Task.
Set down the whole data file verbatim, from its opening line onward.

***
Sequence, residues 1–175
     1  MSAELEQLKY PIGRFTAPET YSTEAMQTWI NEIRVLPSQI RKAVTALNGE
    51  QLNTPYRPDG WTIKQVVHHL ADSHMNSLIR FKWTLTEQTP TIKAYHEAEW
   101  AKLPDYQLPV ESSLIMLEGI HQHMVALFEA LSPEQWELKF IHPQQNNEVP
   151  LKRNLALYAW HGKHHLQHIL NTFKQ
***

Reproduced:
Sequence, residues 1–175
     1  MSAELEQLKY PIGRFTAPET YSTEAMQTWI NEIRVLPSQI RKAVTALNGE
    51  QLNTPYRPDG WTIKQVVHHL ADSHMNSLIR FKWTLTEQTP TIKAYHEAEW
   101  AKLPDYQLPV ESSLIMLEGI HQHMVALFEA LSPEQWELKF IHPQQNNEVP
   151  LKRNLALYAW HGKHHLQHIL NTFKQ